Microbursts (Weather Weekly)

Microburst+Near+Wichita+Falls%2C+Texas.+%28Photo+by%3A+NOAA+under+the+public+domain%29

©The Talon News | NOAA

Microburst Near Wichita Falls, Texas. (Photo by: NOAA under the public domain)

Time to talk about microbursts and what they are.  Let’s start off with the what.

A microburst is a weather phenomenon where a storm that has a strong updraft suspends hail and water droplets high in the core of the storm. When the updraft weakens, it can no longer hold the core in place and the core begins to sink to the ground. Once it hits the ground, it spreads out in different directions. A microburst is less than 2.5 miles in diameter.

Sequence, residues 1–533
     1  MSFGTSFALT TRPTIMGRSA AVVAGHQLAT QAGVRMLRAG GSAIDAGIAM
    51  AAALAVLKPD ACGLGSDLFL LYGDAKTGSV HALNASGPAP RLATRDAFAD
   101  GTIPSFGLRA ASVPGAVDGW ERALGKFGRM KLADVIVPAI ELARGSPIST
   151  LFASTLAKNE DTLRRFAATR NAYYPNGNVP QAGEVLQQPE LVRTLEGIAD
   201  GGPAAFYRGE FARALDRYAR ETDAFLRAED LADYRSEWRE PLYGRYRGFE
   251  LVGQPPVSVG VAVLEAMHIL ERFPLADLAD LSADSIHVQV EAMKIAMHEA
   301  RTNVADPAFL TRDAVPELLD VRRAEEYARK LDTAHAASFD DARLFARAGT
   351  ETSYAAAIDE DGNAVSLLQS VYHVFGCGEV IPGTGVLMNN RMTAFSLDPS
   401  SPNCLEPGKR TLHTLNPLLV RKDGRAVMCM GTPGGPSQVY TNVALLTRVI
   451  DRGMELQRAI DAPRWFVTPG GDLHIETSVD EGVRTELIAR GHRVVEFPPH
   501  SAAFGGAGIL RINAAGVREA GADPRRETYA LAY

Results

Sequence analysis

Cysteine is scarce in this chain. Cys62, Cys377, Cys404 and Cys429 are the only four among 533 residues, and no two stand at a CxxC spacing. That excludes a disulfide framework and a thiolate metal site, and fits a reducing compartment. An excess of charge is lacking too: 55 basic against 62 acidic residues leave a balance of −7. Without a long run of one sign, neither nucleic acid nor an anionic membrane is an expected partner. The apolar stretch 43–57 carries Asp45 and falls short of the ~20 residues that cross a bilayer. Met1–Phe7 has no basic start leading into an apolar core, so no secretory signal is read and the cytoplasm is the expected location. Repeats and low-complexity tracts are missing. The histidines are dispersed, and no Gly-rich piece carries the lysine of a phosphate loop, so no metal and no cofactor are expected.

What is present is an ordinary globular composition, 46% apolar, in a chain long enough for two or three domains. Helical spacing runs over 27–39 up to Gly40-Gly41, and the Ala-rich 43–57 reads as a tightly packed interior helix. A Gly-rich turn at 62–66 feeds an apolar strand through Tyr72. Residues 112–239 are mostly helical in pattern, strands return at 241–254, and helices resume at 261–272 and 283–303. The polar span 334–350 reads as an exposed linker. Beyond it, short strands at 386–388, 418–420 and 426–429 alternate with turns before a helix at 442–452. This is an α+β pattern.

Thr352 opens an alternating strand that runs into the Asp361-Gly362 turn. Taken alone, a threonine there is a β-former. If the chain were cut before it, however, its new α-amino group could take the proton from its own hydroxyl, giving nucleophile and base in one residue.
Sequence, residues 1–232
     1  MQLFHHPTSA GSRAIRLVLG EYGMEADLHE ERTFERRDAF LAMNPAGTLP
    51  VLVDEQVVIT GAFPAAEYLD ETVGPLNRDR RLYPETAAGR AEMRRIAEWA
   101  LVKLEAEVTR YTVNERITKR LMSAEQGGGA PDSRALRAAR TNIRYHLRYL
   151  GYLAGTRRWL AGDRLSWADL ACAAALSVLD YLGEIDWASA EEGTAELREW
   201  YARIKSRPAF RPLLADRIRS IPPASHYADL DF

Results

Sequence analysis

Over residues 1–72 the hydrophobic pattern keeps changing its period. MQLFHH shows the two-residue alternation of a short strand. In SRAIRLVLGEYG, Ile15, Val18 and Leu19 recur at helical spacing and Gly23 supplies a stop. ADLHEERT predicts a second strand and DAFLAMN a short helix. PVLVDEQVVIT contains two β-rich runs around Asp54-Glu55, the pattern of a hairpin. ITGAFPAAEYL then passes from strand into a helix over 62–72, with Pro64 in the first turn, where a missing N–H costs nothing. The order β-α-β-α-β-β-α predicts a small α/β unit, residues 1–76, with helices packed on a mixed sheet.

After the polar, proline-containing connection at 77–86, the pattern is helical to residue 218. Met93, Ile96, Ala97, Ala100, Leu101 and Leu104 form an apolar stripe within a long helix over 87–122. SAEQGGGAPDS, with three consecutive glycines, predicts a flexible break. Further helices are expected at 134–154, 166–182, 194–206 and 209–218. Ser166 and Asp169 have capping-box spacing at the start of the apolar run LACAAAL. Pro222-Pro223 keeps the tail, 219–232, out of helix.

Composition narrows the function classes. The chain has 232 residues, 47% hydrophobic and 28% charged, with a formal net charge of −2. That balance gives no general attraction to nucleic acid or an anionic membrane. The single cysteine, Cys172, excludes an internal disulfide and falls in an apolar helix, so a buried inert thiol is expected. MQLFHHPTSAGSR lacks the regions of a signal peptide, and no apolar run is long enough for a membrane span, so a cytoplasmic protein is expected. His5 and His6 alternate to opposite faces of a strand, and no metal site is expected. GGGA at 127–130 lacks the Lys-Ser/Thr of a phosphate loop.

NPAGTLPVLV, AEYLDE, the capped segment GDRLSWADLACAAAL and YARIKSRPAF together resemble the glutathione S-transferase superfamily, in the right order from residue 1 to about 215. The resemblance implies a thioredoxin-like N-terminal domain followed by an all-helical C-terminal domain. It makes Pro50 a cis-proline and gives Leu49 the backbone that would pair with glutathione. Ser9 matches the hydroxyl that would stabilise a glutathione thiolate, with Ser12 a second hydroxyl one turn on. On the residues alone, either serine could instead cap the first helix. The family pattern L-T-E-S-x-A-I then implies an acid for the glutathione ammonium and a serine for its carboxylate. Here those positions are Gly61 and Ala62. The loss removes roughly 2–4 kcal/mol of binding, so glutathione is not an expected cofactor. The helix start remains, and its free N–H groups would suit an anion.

There are two types of microbursts: wet and dry. Wet microbursts tend to occur in the southeast during the summer and are accompanied by high amounts of precipitation. Dry microbursts, on the other hand, are accompanied by little to no precipitation and are just wind.

So what makes microbursts so dangerous?  Microbursts can have winds up to 100 MPH, equivalent to an EF-1 tornado. When winds are that high, they can cause damage to anything inside the microburst including trees, homes, cars, and planes. This is why Severe Thunderstorm Warnings are just as serious as Tornado Warnings. So remember to stay weather aware and monitor your local forecast!

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